By Tammy Gray-Searles —
Although Navajo County has realized significant cost savings through unfilled vacant positions, a decision was made to fill the vacancy left by Government Relations Administrator Rod Ross when he took a position with the County Supervisors Association.
Hunter Moore, an attorney from Los Angeles, was selected to fill the position.
Moore will spend a portion of his time lobbying for Navajo County at the state capital, and is also responsible for generating press releases and handling public relations for the county.
“I will be lobbying at the state,” he said. “I will make sure the things we’re interested in are fought for.”
According to Moore, he was selected for the position because of his knowledge of the legal process.
“I think that’s a big reason they brought me here,” he remarked. “Rod Ross did a very good job and I want to keep that tradition up.”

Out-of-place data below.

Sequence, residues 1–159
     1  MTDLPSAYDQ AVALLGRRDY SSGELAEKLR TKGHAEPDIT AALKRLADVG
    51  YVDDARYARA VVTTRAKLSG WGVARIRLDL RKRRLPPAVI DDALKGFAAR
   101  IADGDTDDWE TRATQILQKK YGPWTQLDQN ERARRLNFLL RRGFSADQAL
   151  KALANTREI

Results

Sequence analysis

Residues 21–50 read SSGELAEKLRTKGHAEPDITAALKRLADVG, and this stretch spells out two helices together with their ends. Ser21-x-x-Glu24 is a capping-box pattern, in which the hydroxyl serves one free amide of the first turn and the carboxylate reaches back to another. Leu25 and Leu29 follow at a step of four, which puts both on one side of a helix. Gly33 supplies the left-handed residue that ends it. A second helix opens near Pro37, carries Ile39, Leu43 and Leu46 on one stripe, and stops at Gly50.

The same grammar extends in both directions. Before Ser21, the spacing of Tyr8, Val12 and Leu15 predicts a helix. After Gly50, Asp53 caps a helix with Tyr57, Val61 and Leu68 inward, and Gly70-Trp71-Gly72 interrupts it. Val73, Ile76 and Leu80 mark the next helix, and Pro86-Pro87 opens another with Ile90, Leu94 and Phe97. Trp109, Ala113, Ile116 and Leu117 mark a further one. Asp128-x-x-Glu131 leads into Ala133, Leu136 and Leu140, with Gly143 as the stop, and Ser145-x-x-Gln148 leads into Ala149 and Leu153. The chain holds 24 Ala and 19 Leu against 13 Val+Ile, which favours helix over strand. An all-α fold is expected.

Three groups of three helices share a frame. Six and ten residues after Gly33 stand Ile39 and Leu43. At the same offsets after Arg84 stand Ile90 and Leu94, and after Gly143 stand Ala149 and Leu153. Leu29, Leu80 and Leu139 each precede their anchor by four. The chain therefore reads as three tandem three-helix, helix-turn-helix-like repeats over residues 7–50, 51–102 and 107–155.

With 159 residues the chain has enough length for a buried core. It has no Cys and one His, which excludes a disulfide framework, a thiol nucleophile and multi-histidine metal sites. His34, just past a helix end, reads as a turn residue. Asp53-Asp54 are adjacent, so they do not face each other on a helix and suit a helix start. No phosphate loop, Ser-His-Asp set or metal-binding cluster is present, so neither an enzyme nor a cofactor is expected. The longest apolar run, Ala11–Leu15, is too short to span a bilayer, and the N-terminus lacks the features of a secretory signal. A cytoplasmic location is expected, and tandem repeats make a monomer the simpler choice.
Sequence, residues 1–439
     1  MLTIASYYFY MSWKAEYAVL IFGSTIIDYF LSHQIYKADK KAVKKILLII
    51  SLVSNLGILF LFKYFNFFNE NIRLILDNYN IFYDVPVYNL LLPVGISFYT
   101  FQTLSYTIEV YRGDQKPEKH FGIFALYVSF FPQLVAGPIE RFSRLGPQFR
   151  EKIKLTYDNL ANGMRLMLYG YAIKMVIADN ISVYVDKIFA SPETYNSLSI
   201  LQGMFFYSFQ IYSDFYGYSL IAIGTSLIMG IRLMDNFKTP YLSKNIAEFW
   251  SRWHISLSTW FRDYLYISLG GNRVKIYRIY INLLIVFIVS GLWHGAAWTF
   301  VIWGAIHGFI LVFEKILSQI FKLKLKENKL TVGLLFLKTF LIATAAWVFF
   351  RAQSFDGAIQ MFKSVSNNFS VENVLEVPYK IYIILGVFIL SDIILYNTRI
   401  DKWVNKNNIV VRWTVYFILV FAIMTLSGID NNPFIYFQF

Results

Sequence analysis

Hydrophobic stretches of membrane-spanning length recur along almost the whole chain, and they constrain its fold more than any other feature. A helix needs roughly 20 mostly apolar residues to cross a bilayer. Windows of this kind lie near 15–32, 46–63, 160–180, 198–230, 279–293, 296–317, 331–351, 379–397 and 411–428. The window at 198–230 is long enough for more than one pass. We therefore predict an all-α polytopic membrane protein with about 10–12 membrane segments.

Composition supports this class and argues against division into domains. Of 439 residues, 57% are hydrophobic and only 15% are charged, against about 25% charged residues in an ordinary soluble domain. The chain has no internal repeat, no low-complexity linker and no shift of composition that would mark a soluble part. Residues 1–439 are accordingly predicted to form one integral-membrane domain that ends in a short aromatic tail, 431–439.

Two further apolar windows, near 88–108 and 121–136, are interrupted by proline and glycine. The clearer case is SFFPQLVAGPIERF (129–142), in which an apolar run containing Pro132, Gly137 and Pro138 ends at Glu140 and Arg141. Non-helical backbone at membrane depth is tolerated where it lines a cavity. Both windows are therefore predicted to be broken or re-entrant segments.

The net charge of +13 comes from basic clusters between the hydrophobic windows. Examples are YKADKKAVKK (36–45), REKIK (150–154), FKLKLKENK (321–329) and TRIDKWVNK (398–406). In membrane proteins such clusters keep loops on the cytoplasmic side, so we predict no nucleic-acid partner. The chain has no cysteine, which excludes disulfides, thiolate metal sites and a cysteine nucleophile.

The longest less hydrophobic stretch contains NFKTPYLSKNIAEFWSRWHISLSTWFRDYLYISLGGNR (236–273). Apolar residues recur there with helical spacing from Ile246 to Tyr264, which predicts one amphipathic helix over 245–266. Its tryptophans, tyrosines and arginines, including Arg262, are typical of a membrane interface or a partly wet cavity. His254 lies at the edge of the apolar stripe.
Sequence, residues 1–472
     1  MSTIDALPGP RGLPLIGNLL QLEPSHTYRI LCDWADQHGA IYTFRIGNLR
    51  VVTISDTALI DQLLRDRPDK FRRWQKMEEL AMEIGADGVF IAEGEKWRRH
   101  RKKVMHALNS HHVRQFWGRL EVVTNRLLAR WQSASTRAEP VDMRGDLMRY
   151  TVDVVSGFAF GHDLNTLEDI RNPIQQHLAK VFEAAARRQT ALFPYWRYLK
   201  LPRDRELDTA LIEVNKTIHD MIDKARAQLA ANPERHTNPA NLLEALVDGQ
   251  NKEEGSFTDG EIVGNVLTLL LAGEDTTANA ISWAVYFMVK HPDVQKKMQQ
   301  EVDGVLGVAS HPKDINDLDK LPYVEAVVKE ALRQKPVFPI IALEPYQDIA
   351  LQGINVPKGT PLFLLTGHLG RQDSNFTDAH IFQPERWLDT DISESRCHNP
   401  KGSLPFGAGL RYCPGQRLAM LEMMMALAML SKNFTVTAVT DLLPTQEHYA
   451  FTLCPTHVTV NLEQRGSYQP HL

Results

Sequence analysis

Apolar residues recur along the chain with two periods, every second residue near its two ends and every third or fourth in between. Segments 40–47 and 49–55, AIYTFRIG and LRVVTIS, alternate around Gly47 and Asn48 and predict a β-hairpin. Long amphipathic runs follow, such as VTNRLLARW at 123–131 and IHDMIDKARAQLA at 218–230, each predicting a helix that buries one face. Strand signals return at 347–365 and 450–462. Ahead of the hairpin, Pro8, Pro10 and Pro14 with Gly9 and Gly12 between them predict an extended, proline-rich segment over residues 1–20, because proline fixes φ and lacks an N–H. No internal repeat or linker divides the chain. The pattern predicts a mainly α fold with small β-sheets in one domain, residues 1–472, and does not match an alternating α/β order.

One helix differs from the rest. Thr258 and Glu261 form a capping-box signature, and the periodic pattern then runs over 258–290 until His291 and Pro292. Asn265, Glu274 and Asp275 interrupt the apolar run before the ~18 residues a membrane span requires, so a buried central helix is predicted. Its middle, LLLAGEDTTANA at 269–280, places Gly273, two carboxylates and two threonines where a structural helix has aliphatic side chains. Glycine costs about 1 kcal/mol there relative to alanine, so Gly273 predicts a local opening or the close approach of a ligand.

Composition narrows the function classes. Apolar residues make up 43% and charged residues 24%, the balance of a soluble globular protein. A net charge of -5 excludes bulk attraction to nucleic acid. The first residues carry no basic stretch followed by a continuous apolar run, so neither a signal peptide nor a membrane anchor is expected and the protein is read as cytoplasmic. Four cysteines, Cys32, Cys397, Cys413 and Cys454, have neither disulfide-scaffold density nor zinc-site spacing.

Included in his professional experience is providing legal defense for National Football League teams, and working in the planning department for the City of Mesa while attending college.
He graduated from Arizona State University with a degree in business management, and attended law school at Washburn University in Kansas.
Moore explained that he sought the position at Navajo County because he and his wife had hoped to move closer to her family.
“My wife and I had been looking for an opportunity to come back to Arizona. Her family is in Snowflake,” he noted.
They both consider Arizona home, as he grew up in Mesa.
“Arizona’s our home,” he said. “Our family’s here.”
Moore plans to take the Arizona State Bar exam to become eligible to practice law in this state.
He attended the state legislature opening ceremony in order to become acquainted with the lawmakers he will be in contact with as the session progresses. Moore also noted that he will be working with the Arizona Association of Counties and the County Supervisors Association, and is glad to know that Ross will be fighting some of the same battles on behalf of counties.
“He has our interests at heart,” Moore said.
He noted that he is excited to advocate for Navajo County, both through lobbying and public relations work.
“I can be a good advocate,” he said.